The annals minutely record how the Polish garrisons fled from the towns liberated by the Cossacks; how the rapacious Jew farmers were hanged; how weak the opposition was of the Polish hetman, Nicholas Potozki, with his numerous army against the unconquerable forces of the Cossacks; how, after being defeated and pursued, he let the best part of his army perish in a small stream; how he was surrounded by the dreaded Cossack regiments in the small borough of Polonnoie; and how, brought to extremity, he took his oath to the complete redress of all grievances, and the surrender of all former rights and privileges, in the name of the king and of the ministers of state. But the Cossacks were not men to be deceived, they knew what the oath of a Pole is worth; and never again would Potozki have ridden on his costly steed, attracting the looks of illustrious ladies, and making himself the envy of the nobility—never again would he have set the Sseim in an uproar, and have given rich feasts to the senators—had not the Russian clergy of the borough interposed on his behalf. As the priests came forward in the brilliant cassocks of cloth of gold, bearing crosses and holy images, and as the bishop himself appeared in front of them in his pontifical mitre, holding a crucifix in his hand, all the Cossacks bowed their heads and took off their caps. Nobody, no, not even the king would they have spared at that moment, but they dared not oppose the dignitaries of the Christian church, so they obeyed the summons of the clergy. The hetman and the colonels consented to let Potozki go free, having made him promise upon oath that freedom should be granted to all the Christian churches, that the old enmity should be brought to an end, and that no offence should be offered to the Cossack army. One colonel alone did not give his assent to such a peace as this. Tarass was that one. He tore a lock of hair from his head and cried aloud:—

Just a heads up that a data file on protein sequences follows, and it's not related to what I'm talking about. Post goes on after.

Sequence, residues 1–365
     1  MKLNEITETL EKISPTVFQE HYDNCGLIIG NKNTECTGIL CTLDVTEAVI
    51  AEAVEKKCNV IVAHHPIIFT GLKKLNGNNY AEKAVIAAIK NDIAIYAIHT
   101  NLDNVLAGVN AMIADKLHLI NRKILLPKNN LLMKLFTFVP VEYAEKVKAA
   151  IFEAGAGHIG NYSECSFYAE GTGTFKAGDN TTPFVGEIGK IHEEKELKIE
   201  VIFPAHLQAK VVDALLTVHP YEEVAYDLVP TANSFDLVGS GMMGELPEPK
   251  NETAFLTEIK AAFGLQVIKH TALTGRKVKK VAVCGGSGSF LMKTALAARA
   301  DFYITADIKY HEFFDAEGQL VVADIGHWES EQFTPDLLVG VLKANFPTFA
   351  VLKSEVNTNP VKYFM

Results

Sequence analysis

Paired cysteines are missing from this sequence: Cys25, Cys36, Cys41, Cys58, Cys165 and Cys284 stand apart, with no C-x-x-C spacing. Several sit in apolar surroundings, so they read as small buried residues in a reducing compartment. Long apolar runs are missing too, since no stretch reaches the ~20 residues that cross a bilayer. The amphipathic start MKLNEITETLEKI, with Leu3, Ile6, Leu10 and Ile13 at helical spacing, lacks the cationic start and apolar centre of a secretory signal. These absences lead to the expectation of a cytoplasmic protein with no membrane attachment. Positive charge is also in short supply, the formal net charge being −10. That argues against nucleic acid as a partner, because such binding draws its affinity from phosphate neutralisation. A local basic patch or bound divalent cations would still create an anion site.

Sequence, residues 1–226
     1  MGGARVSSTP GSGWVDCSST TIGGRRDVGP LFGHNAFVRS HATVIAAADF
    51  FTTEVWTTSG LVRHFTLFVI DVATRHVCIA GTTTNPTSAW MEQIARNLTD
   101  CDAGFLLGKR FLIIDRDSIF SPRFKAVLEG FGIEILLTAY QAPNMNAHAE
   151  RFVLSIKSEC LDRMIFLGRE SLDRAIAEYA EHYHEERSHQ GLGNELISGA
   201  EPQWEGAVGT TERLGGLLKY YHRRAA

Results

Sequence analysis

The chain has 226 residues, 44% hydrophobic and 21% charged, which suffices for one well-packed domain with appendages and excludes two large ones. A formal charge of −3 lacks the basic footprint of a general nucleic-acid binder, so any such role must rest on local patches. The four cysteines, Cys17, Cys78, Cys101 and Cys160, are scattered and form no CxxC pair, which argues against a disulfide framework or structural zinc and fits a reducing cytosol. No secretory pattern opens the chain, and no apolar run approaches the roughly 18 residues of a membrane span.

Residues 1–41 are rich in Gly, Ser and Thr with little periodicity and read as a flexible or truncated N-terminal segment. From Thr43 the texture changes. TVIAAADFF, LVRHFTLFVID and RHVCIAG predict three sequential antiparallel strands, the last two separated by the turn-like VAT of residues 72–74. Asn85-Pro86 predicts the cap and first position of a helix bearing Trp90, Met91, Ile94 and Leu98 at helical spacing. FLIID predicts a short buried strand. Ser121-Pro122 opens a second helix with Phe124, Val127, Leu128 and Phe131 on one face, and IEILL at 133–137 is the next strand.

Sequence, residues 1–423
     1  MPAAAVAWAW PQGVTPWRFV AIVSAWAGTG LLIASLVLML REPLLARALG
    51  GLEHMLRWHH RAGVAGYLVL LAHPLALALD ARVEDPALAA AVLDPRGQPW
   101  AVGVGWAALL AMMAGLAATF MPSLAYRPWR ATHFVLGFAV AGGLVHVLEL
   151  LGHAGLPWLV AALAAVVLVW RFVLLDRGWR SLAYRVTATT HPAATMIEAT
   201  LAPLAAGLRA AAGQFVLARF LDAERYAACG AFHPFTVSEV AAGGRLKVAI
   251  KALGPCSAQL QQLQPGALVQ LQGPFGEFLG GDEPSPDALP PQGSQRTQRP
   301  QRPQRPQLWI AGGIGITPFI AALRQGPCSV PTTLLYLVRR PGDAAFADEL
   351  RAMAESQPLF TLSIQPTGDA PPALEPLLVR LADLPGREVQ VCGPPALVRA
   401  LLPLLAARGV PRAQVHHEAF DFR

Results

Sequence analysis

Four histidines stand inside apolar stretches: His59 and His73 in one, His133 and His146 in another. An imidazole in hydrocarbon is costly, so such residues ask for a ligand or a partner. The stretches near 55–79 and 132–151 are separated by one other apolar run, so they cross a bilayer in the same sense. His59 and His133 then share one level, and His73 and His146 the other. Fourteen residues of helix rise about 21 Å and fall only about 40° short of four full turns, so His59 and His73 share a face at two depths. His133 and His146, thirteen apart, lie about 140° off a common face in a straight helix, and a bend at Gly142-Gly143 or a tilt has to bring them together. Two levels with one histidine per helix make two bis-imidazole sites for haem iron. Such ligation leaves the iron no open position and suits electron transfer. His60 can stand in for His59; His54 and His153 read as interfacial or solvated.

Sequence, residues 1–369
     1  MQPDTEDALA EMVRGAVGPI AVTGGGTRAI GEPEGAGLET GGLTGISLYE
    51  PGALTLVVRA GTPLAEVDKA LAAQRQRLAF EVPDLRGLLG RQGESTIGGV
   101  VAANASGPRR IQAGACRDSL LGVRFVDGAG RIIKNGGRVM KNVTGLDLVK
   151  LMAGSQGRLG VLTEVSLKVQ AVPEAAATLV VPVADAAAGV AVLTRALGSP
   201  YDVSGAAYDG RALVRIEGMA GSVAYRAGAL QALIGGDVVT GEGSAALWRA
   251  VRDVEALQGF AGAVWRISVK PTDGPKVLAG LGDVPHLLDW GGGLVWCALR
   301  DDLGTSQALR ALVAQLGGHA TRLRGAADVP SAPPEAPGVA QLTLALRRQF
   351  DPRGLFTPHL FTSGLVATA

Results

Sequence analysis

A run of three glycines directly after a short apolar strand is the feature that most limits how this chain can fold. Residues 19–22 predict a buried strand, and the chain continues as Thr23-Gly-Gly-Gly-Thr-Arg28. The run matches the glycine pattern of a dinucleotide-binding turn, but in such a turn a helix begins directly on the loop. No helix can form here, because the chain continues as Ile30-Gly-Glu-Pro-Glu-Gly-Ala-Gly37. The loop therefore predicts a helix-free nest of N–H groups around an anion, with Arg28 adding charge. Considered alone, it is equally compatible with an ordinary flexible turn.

“Eh! hetman and colonels! Do not do such a woman’s act! Do not give credence to the Poles. The cursed dogs will betray you!”
But when the army secretary presented the act of treaty, and the hetman put his sign-manual to it, Tarass took off his rich Turkish sabre, a fine blade of highly-tempered steel, broke it in two pieces like a reed, and throwing far away both fragments, one on each side, exclaimed, “Fare ye well, then! As these two fragments shall never meet and form one single blade any more, so shall we, comrades, never meet again in this world! Remember ye my parting words!” and his voice grew stronger, rose higher, assumed an unknown power, and all felt perplexed at the prophetic words. “You will remember me at the hour of your death! You think to have purchased quietness and peace; you think you may now play the lords. There is another lordship in store for you; hetman, thou shalt have the skin torn from thy head, thou shalt have it stuffed with groats, and long shall it be made a show in fairs! And you, gentlemen, neither will you keep your heads on your shoulders. In damp dungeons, behind stone walls will you perish, if you are not, like sheep, boiled alive in cauldrons.3 And you, children,” continued he, turning round to his Cossacks, “Which of you wishes to die a natural death—not on stoves and on women’s beds, not lying drunk under a hedge near the brandy-shop like carrion, but to die the honourable death of Cossacks, all of us on one bed, like bride and bridegroom? Or, may be you wish to return home to turn heretics and carry about Polish parsons on your backs?”